The surgical management of glaucoma is offered to patients if drug therapies have not been satisfactory or are inappropriate (e.g., because of the desire to avoid drugs during pregnancy). There are two types of surgical treatment: those using a laser and those using surgical techniques.
Laser surgeries lower intraocular pressure by enhancing the drainage of aqueous fluid or slowing its production. The kind of laser surgery used depends on the type of glaucoma being treated. The length of time the pressure remains lowered depends on the type of laser surgery, the type of glaucoma, and the patient's individual characteristics.
In some cases, laser surgery may have to be repeated to control internal eye pressure more effectively. Typically, medications will still be needed to maintain fluid pressure within the eye, although a lower dose than previously used may be sufficient. If the laser therapy does not lower the pressure in the eye satisfactorily or the effects wear off, the surgeon may recommend conventional (filtrations) surgery.
If despite treatment with eyedrops the IOP remains high and there is evidence of progressive visual field loss glaucoma surgery may be needed to prevent further damage to your vision. This operation is called a trabeculectomy and can be performed alone or it can be combined with a cataract removal.
Like cataract surgery the vast majority of trabeculectomies are carried out under a local anaesthetic. Local anaesthetic is injected around the eye - this stings a little. A pad or small balloon is then placed over the eye for 5-10 minutes. Once the local anaesthetic has taken effect you will not be able to see or feel what is happening, nor will you be able to move the eye or blink. During the operation you may occasionally see bright or coloured lights and you may be aware of the surgeons hands resting on your forehead and/or face.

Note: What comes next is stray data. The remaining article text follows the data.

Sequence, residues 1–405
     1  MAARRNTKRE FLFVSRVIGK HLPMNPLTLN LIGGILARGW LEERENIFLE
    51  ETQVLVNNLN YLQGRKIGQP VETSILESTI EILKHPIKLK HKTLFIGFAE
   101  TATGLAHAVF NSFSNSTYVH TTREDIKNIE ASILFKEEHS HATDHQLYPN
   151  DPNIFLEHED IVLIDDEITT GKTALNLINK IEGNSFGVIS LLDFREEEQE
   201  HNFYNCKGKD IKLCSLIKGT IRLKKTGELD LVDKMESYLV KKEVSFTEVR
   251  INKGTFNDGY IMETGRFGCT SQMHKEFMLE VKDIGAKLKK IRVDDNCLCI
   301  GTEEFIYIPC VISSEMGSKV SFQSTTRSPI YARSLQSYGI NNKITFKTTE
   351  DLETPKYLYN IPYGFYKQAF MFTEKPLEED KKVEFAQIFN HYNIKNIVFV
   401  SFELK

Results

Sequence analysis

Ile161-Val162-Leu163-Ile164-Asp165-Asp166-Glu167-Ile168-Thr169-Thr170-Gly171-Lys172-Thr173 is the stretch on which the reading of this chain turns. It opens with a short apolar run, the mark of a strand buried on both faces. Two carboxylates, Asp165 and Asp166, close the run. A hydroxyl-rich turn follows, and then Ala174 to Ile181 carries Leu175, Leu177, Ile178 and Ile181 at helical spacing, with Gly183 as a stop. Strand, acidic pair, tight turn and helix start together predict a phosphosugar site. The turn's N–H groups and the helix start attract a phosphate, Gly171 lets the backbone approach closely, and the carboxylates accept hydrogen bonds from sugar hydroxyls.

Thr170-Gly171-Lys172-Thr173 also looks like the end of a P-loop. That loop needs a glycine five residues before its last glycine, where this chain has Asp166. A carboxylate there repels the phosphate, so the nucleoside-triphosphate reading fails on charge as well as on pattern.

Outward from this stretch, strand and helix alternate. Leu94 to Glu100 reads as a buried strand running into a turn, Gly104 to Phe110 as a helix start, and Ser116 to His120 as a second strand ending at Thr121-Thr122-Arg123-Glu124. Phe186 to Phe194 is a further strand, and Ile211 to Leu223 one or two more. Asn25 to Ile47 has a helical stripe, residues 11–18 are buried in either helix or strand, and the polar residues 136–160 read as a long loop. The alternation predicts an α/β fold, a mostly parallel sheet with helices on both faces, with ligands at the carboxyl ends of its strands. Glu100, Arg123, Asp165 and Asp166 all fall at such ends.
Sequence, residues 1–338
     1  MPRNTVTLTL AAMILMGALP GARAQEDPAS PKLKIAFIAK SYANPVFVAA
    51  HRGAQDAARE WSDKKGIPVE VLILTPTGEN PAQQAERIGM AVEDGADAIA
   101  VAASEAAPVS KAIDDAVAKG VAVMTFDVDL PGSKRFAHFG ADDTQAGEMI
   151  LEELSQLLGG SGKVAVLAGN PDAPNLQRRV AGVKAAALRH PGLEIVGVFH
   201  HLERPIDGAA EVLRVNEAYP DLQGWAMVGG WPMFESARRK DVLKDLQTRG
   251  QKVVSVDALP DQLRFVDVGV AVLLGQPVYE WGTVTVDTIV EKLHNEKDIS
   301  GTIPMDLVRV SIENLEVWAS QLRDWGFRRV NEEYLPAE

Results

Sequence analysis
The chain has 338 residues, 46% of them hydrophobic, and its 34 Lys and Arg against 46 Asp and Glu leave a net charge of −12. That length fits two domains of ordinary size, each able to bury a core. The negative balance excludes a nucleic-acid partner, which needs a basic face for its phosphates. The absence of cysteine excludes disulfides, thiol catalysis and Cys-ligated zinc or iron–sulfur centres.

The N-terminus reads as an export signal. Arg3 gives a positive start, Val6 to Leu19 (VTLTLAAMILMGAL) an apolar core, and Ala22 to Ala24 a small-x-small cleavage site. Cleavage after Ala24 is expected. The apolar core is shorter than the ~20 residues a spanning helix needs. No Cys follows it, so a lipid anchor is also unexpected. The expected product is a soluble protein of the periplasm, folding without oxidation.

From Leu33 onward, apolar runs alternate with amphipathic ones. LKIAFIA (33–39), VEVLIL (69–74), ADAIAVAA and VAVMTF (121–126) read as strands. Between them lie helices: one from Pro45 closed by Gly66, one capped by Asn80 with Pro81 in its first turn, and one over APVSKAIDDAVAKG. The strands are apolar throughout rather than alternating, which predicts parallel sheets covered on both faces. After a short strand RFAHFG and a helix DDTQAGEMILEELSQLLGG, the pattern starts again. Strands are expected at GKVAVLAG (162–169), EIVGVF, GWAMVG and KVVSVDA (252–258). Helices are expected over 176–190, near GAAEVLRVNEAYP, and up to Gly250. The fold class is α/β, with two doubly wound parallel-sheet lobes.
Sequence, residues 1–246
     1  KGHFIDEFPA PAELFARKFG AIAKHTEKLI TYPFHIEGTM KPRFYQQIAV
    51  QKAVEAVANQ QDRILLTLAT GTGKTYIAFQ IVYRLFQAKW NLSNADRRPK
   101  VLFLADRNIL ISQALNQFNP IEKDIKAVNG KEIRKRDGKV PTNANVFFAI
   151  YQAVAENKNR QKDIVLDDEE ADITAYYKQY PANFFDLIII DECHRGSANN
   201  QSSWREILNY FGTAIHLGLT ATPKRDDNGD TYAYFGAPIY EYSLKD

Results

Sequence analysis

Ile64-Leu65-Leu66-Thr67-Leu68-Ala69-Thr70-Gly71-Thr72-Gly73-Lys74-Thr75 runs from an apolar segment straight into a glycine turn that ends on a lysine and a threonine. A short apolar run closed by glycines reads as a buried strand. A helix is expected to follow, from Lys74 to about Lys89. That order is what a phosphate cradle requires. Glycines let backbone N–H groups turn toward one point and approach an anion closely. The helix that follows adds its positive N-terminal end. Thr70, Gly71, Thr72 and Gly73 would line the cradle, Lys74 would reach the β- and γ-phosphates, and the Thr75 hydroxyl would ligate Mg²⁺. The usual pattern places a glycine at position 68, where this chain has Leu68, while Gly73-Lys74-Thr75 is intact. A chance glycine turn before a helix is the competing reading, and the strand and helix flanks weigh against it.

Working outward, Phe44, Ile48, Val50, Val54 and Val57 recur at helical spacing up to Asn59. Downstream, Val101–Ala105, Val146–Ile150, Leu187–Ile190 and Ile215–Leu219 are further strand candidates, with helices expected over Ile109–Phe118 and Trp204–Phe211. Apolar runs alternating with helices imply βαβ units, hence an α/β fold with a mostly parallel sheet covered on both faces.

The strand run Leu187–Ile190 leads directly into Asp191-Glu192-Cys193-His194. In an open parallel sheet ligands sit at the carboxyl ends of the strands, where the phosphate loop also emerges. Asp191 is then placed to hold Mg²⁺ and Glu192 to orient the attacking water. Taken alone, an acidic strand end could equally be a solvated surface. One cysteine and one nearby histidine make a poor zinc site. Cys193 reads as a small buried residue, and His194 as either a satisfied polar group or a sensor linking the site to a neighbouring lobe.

The operation is performed under a microscope and involves making a special type of small trap door in the sclera (white outer coat of the eye). A small segment of the iris is then removed to prevent it floating up and blocking the trapdoor. The scleral trapdoor is then closed with microscopically fine stitches so that the fluid in the eye may drain slowly out of the eye so reducing the pressure. Your surgeon may use a specialized technique which allows the tension in these small stitches to be adjusted after the surgery or for them to be removed altogether. This means that the drainage of fluid can be improved a simple maneuver carried out in the outpatient clinic.
Your surgeon may also use a special medicine, applied to the eye for a few minutes by a very small sponge, to slow down or prevent subsequent healing and sealing up of the trapdoor. Useful medicines include 5FU and mitomycin C. The drapdoor is then covered by the conjunctiva, the clear tissue on the surface of the sclera, and this is carefully stitched in position.
The leaking fluid collects underneath the conjunctiva and lifts it very slightly to form what is called a "bleb". This may sometimes look like a small cyst.
Camden Medical Centre,
1 Orchard Boulevard,
Tel: 6738 2000
Fax: 6738 2111